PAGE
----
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Novel set on CAPE COD

7th July 2021

The Paper Palace by Miranda Cowley Heller, novel set on Cape Cod.

Novel set on CAPE COD

This book kept turning up on our Social Media feed and sounded absolutely my kind of read.  And so I entered into the life of Elle Bishop over 24 hours with flashback vignettes of her childhood and adolescence that inform her situation now.

She is with her English husband Peter in the family’s crumbling estate (I say estate, it consists of a house and cabins that have seen better days) in the back woods of Cape Cod. It is 1 August and therefore the height of the summer season. Her mother is there with them, together with the couple’s children, plus regular Summer vacationers living in their houses dotted around the area.

The summer landscape is vivid, with mosquitoes, al fresco dining, conviviality and the buzzing hum of insects all contribute to a wonderful backdrop for the unfolding story.

The book opens as Elle is heading down to the local pond first thing, and as she passes the porch, the vestiges of dinner and merriment with family and friends from the night before catch her eye. The detritus also brings back memories of a passionate and risky encounter against the wall behind the house, and it wasn’t with her husband … he was just a few metres away.

Why now? Why did 2 people decide to consummate their lingering love just at that point in their shared and separate stories?

As the novel unfolds we glean more of Elle’s life, the friendship with Jonas, her mother’s relationship with the utterly unsuitable Leo (who brought the utterly ghastly Conrad into the family as her step brother); we see the ripple effects of  her relationship with her sister, Anna; and the details of her first meeting with Peter in London and his parents’ response to their liaison. Factor in her mother’s emotional absence and the drone of barbed and undermining comments that emanate from her mouth and we gather a bigger picture of Elle in all her complexity. (I so wanted Elle to put a line down for her mother but people often don’t with their parents, do they?). Furthermore there is her biological father’s crass insouciance and that he chooses the new woman in his life over his children.  All-in-all there are significant life changing events that she has had to experience. All these details, laid bare as they were, almost felt like an invasion of Elle’s privacy, it’s all up close and personal.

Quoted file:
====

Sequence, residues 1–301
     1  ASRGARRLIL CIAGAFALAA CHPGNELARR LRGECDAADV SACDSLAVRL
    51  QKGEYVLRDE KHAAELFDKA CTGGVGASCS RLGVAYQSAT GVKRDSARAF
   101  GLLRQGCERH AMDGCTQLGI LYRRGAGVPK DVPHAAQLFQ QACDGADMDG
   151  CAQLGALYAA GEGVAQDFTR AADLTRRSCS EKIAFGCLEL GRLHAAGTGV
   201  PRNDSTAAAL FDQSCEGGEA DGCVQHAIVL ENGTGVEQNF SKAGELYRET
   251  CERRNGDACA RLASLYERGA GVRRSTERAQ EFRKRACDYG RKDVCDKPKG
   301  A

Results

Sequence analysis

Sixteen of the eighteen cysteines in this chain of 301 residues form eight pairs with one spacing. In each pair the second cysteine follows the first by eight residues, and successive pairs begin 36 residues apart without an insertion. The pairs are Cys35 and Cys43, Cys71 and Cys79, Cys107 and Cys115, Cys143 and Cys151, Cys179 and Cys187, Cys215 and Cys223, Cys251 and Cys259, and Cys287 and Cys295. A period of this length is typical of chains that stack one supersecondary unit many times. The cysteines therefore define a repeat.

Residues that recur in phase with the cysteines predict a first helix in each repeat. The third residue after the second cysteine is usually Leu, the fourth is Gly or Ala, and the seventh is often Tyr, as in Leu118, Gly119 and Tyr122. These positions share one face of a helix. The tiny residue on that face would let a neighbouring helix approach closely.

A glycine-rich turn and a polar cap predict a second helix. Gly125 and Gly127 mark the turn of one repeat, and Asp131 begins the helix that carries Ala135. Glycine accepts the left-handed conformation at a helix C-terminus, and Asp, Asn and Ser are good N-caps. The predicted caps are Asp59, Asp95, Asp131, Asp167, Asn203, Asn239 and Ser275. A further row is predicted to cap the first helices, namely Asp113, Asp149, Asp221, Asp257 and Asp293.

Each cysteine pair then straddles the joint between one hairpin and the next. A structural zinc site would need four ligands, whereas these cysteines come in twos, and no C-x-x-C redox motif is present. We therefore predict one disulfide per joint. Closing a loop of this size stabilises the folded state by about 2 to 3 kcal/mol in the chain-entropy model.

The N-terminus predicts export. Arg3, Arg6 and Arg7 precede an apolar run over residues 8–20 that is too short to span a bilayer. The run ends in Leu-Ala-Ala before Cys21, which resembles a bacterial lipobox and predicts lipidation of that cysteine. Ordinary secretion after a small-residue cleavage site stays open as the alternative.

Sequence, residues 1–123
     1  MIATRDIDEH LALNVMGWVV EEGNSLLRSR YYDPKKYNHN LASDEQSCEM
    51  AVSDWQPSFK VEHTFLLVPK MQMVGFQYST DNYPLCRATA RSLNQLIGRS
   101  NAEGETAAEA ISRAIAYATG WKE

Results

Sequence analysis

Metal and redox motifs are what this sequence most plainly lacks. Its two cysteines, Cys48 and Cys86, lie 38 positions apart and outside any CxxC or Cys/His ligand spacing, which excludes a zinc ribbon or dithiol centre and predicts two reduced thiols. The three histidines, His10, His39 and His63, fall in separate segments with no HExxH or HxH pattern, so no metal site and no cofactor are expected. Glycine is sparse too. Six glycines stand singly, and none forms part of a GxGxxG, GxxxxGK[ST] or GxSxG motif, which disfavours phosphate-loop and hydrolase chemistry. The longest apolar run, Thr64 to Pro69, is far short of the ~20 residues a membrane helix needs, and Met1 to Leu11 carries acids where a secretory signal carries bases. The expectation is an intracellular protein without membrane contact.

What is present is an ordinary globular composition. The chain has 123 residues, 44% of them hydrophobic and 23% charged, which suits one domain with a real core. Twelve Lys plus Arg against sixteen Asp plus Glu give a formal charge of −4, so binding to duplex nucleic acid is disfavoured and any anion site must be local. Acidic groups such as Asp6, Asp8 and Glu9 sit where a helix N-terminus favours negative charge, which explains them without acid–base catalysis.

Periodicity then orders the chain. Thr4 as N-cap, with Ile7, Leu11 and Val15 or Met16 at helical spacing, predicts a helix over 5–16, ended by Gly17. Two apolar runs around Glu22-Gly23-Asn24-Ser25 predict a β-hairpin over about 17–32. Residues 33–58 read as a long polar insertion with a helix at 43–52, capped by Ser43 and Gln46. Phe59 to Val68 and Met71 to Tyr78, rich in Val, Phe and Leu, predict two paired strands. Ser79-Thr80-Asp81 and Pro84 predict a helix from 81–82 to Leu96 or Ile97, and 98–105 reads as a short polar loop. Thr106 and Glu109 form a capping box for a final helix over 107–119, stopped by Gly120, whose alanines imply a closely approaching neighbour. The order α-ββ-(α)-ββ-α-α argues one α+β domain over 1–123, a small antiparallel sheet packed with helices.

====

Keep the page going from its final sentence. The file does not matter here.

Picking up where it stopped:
In her teenage years there is a singular, pivotal event that, of course, stays with her and colours her adulthood.

The readers are left to assemble the blocks of her life, which are presented in piecemeal fashion. Then they have to interpret the described events and experiences as they choose. I really loved the writing style, but the whipping back and forth between now and times past took quite some getting used to – so much so that I was tempted to give up on the narrative on a couple of occasions. Yet something kept me hooked and reading, and now that I have finished the novel it has really stayed with me – that, of course, is the sign of a very good book! It really lingers in the mind…..

The novel is about love and the power it can hold. It is about life and loss and so much more. And now, I don’t know what else to say about it other than give it a go! I am glad I persevered. It is the Reese Witherspoon Book Club pick for July 2021.

Tina for the TripFiction Team

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